The Pros and Cons of Vaccinations

The practice of vaccinating ourselves, our children, and our animals to prevent disease is the subject of a great deal of debate.  Heated discussions arise over what to vaccinate with, when to vaccinate, who to vaccinate, and even whether to vaccinate at all.  Every side has strong arguments for why their way is the right way and can show statistics and tell horror stories to prove their point.  I am here to tell you that the bottom line is that there is no such thing as a risk free life.  Each one of us must make the decisions about who, what, when, where, how, and why to vaccinate ourselves, our children and our pets – and no matter what decision we make, there are risks involved.

In the past, veterinarians and clients alike demanded “standard protocols” like “Every pet should be vaccinated with every vaccine available for pets every year.”  In reality, the world is much more complex than that.  A more intelligent plan would be to create a vaccination protocol that reflects the fact that every animal is an individual with individual needs and tolerances.  This is not really as complicated as it sounds.  Here are the factors that I use to evaluate my patients need for vaccines:

1)      Age:

a)      Young animals are protected by maternal antibodies in mothers milk as long as they are nursing.  If they are bottle fed, they are at risk for developing disease until their immune systems are exposed to enough virus particles to develop their own personal immunity.  Whether they get sick or not depends on numerous factors including nutrition, their own innate ability to respond to virus challenge, the number of viruses they are exposed to, and the potency of that virus.  The goal in creating a vaccine virus is to take street virus and alter it to be strong enough to stimulate a response while not being potent enough to create illness.  This is a delicate balance since statistically in any population there will be patients with stronger or weaker than average resistance to disease.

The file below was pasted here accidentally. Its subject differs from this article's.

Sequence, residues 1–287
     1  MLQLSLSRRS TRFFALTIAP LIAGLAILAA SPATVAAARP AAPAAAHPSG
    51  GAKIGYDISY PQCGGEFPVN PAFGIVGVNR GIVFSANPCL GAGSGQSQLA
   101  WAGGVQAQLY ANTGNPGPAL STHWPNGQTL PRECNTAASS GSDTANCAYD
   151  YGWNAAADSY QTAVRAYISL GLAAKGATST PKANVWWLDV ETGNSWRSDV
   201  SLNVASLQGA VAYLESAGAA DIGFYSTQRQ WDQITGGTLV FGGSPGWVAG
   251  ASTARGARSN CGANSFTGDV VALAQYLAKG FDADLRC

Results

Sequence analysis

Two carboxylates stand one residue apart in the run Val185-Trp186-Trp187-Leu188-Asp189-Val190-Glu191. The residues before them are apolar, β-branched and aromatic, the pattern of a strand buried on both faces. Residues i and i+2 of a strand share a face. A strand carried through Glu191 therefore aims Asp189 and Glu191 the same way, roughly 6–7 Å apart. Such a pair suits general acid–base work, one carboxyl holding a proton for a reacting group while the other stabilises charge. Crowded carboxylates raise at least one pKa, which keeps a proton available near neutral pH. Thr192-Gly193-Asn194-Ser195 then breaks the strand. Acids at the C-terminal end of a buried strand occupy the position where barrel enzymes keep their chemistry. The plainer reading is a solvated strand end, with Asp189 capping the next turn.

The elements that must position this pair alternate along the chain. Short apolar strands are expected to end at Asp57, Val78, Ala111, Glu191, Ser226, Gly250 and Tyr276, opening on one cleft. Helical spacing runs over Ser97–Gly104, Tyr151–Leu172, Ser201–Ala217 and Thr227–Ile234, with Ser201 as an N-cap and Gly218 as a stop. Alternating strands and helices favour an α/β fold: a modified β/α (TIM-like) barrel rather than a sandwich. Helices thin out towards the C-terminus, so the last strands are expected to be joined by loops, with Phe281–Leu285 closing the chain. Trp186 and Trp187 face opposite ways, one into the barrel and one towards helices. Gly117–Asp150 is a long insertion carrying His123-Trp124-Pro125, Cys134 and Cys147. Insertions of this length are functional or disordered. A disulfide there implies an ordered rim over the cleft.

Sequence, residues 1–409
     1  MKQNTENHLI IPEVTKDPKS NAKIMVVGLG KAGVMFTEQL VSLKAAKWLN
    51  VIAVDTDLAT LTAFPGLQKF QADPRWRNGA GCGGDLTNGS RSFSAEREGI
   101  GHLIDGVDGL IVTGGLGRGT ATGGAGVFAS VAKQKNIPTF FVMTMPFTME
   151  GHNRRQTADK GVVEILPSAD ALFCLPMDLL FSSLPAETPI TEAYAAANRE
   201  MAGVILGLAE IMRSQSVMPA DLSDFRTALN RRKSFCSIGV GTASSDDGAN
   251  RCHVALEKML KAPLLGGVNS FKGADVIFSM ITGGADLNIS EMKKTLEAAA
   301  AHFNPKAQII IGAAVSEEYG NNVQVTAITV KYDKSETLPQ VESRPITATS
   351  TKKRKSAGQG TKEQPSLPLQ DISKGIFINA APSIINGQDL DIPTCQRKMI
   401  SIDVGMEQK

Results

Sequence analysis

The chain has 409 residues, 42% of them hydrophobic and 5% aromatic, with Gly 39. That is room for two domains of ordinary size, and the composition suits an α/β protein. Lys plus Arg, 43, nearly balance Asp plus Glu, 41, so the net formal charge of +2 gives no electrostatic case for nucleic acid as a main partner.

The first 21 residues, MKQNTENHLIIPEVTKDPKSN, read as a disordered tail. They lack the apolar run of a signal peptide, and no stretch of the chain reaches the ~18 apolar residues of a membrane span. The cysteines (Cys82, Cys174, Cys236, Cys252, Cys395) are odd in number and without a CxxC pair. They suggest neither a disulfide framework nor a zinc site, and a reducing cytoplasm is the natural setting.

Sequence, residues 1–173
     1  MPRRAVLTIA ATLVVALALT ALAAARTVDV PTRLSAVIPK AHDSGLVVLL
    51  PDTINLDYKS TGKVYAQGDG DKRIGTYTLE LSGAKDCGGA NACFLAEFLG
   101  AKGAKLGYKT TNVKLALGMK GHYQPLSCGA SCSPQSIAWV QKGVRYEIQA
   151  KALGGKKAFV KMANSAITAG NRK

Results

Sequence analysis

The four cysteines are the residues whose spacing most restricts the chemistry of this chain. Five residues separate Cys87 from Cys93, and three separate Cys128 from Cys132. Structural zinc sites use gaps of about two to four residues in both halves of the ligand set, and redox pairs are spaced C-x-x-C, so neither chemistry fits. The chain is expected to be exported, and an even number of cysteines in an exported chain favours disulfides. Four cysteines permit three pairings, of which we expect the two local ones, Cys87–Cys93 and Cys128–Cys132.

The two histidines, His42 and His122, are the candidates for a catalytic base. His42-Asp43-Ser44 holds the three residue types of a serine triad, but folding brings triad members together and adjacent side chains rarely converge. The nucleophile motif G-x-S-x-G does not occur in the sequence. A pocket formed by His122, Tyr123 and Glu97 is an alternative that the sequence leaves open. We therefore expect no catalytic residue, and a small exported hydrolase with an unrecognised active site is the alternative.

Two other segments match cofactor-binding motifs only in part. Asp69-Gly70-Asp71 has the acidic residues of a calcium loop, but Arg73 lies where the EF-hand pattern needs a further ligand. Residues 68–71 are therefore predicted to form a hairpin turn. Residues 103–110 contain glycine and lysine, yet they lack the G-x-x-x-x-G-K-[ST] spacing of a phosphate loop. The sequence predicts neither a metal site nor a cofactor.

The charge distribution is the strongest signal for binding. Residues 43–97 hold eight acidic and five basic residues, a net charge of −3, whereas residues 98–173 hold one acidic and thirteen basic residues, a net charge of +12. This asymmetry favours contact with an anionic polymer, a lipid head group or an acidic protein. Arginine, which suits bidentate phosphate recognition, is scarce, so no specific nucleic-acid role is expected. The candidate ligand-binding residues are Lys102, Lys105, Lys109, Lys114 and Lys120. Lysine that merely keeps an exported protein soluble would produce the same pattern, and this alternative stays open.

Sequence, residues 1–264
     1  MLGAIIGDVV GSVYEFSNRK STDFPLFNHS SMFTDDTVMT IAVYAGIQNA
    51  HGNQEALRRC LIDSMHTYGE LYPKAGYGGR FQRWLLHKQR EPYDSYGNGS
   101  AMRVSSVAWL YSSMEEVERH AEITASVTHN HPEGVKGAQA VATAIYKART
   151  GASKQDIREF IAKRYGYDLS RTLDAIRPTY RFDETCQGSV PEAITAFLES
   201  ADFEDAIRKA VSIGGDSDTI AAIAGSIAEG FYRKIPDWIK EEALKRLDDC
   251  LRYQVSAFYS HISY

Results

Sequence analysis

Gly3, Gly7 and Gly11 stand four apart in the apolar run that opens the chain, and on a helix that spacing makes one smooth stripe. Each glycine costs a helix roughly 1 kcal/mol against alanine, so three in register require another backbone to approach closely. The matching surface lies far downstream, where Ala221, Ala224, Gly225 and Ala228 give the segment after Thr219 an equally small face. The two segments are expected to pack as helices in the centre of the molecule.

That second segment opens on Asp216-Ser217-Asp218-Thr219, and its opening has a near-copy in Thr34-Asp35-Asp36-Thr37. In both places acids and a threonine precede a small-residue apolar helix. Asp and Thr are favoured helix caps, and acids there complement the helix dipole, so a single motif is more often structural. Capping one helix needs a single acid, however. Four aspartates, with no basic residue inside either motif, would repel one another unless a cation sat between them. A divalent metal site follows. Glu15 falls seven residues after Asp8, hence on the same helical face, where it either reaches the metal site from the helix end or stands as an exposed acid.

b)      Older animals have multiple challenges to their immune systems over the years which leave toxins imbedded in their bodies, as well as generalized weakening of all systems just from the normal wear and tear of living.  A healthy older animal that has been vaccinated multiple times in the past may not need any more vaccines.  There is typically little or no information available on how long many vaccines last beyond the tested period.  Running vaccine trials beyond a year or two is not only costly and depressing (remember to test a vaccine you must expose the patients to street virus and see how many of them get sick and/or die), but it is also impractical because the vaccines themselves are changing rapidly.  Vaccines from 10 years ago are pretty much obsolete now due to ongoing improvements in efficacy and safety.

2)      Previous vaccination history:

a)      How many times has this patient been exposed to this vaccine virus in the past, and on what schedule?  More is not necessarily better!  Some breeders have been known to vaccinate their animals weekly or every two weeks – this is over vaccination, and has been shown to cause a number of problems including blood thickening from immune system protein complexes that can damage internal organs like the kidneys, failure of the immune system to fight off bacterial or fungal infections because it is too busy fighting vaccine “infections”, and increased risk of vaccination reaction – including death.

b)      Note: It is my understanding that there has never been a documented case of rabies virus infection in the US in a pet vaccinated at least twice, as an adult, by a veterinarian.

3)       Reproductive status: